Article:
Dbytes #125 (5 November 2013)

Dbytes #125 (5 November 2013)
Info & news for members and associates of the Environmental Decision Group

“If you believe that the main obligation of journalists is to the public’s right to know, the results of this study are truly alarming,” said Tom Morton (co-author of Sceptical Climate, see item 2)

General News

1. Prioritising Targets for Biological Control of Weeds – a Decision Support Tool for Policy Makers
2. Sceptical Climate
3. ASPI issued ‘Cold calculations: Australia’s Antarctic challenges’.
4. Getting to know the Department of the Environment
5. The Monitor monitors Australia’s land systems
6. Island Arks Symposium III

EDG News
(more details on these items follows general news)

Canberra: David Lindenmayer benchmarks open access science
Perth: Morteza Chalak returns from Alberta
Reid Tingley on more effective use of SDMs
Richard Fuller on achieving Open Access to Conservation Science


General News

1. Prioritising Targets for Biological Control of Weeds – a Decision Support Tool for Policy Makers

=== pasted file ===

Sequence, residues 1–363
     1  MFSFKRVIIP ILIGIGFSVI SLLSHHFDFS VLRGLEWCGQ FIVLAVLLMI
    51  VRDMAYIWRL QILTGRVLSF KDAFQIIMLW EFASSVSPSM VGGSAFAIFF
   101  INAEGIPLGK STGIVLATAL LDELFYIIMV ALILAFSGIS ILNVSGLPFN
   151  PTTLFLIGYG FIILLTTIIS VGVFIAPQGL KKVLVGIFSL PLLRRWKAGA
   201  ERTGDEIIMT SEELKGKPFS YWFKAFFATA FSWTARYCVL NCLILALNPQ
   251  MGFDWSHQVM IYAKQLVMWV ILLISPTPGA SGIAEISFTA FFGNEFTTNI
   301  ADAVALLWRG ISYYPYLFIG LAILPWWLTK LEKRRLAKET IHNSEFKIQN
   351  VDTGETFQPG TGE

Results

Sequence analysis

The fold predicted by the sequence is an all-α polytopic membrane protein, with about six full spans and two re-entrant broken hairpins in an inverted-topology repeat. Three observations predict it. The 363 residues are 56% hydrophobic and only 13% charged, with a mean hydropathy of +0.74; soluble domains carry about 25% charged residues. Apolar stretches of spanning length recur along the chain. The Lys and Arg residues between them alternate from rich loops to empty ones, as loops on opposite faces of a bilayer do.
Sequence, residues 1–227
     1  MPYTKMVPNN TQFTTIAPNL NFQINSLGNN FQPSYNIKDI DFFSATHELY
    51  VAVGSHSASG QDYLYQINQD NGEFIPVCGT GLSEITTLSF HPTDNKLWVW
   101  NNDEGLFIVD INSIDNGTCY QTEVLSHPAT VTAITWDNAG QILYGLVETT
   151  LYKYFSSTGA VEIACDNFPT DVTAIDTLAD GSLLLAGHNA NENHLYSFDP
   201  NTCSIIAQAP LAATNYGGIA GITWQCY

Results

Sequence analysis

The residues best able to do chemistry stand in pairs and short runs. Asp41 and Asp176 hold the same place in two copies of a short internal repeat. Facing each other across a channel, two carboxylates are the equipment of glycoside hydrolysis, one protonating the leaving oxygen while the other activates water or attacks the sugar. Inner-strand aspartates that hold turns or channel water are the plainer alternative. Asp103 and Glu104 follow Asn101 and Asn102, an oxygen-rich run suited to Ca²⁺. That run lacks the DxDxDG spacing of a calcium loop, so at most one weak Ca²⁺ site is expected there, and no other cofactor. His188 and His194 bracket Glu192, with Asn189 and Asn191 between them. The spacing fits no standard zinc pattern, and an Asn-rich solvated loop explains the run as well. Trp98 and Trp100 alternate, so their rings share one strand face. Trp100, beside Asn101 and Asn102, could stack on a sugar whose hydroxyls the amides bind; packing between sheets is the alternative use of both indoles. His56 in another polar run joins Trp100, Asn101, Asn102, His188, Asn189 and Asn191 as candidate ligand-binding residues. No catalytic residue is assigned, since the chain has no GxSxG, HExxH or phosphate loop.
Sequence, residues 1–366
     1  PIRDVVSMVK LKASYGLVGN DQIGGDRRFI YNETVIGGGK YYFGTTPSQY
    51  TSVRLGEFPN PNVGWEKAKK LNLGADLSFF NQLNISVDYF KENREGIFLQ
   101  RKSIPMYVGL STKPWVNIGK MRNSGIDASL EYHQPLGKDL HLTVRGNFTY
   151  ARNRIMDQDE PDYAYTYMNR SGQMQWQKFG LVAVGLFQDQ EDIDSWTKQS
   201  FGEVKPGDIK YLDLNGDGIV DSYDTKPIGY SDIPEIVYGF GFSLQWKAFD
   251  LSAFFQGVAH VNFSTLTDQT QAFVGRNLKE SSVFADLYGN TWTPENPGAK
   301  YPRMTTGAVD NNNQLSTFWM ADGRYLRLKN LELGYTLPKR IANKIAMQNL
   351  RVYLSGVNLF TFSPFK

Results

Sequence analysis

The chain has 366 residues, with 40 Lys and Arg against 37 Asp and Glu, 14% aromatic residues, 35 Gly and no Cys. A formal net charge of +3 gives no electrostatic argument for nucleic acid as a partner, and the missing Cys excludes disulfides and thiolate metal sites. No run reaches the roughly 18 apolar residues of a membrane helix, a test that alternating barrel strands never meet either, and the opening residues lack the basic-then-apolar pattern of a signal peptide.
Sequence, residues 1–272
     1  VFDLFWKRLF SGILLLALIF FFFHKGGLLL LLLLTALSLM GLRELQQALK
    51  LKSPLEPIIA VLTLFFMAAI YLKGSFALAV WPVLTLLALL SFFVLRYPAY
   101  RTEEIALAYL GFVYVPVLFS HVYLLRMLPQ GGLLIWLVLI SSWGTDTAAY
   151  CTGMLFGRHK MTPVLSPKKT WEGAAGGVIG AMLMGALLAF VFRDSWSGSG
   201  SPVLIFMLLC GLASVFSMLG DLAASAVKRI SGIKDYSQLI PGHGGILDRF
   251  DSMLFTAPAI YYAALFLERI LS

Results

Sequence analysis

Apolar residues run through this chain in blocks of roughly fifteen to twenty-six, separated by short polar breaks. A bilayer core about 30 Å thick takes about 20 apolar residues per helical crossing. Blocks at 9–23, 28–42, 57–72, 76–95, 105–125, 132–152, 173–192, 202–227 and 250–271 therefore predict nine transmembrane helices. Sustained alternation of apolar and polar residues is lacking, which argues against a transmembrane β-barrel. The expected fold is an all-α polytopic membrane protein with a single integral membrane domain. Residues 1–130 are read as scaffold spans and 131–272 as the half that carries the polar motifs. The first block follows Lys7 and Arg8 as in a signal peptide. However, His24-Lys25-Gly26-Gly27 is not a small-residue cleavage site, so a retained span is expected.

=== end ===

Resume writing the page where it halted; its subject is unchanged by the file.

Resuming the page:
Effective biological control is an important component of weed control in Australia and significant investment has been made in the selection process of biocontrol agents and the identification of priority weeds for biocontrol. However, there is no nationally agreed system that facilitates prioritisation of weed targets for biological control. This report outlines a framework of the overall process of prioritising targets for biological control and includes a decision support tool that enables policy makers to determine whether biological control is a suitable option for a proposed target species. The report is a result of a workshop with participation of experts within the biocontrol and weed scientific field, state representatives and other relevant stakeholders. This work has been an important step towards the development of a nationally agreed prioritisation process for biological control targets.